Now, onto Chardonnay-nay

To be honest, I’ve had many a Chardonnay that I like but I’ve also had some just plain awful ones. But that’s the really cool thing about wine! I think it is just so fascinating that no two wines are the same. Chardonnay grapes could grow literally right next to each other and the whole wine making process could be the same but the end product taste differently. It all depends on so many things…the soil, the sunshine, the climate……A LOT goes into that delicious little bottle! One time I was at a restaurant with some friends. One of my friends is a HUGE wine-O and wanted to impress us all by ordering two bottles of his favorite Chardonnay for the table. He said he had a bottle of this same kind of Chardonnay at home and just loves it. Well, the server opened the bottle and poured us all glasses and we ALL (even HIM) agreed it was awful! It tasted nothing like the “same wine” he had at home. How strange is that?!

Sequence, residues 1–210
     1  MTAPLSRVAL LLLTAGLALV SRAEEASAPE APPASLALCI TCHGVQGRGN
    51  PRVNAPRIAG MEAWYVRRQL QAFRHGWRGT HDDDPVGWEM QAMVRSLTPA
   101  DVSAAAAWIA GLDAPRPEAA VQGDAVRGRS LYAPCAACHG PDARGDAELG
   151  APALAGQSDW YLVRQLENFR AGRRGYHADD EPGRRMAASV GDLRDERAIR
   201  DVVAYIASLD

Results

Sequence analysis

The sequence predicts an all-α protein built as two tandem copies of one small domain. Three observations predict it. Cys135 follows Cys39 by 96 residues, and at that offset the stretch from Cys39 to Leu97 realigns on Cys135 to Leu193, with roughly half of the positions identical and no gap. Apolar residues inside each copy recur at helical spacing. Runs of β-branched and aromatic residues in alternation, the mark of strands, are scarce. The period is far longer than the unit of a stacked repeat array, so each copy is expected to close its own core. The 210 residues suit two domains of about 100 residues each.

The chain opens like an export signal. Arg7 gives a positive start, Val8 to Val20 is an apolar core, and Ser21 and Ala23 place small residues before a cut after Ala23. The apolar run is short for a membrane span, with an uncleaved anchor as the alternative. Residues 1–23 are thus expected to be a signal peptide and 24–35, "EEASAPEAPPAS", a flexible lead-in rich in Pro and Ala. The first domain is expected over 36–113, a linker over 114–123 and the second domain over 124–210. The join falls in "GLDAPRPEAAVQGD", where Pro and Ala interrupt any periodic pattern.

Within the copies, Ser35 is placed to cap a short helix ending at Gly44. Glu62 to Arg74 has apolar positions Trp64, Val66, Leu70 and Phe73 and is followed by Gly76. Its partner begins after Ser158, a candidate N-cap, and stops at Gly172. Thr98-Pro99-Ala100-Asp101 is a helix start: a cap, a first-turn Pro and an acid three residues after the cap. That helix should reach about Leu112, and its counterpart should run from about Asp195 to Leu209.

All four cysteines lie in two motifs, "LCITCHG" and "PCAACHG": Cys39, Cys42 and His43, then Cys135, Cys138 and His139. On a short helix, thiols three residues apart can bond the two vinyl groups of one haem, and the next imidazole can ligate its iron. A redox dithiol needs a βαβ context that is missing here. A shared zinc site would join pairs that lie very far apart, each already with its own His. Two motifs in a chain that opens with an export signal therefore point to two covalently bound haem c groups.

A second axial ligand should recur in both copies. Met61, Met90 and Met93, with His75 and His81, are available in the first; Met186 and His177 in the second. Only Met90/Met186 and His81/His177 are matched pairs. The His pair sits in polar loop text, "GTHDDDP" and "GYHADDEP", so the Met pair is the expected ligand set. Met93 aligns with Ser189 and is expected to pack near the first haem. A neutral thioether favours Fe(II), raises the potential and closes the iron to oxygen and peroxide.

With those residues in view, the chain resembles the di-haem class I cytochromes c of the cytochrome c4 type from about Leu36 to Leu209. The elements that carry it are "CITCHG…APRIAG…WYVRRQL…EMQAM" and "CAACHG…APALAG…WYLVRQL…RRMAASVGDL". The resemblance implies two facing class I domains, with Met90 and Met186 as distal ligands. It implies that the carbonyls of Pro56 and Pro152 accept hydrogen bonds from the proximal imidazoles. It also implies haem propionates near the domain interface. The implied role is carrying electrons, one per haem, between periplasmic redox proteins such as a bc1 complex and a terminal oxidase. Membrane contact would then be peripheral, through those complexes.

You’ve gotta be careful with the Chardonnay-nay, especially if you are a newbie. Some Chards can be so oaky that they are almost un-palatable, while others are so floral and high in alcohol that it makes you want to gag. The trick is to know the vineyard and also know what you like. Oaky Chards may just rock your world. I know many people that adore them. However, personally, I tend to swing more towards the side tropical fruit flavors, like lemon and grapefruit (but not cat pee, which is seriously a term that is used to characterize the smell of some Chardonnay LOL) or vanilla and butterscotch. Word in the grapevine (haha) is that the new trend in California is to slowly make the move away from high oak and go more towards low oak, which many people are rejoicing about (myself included).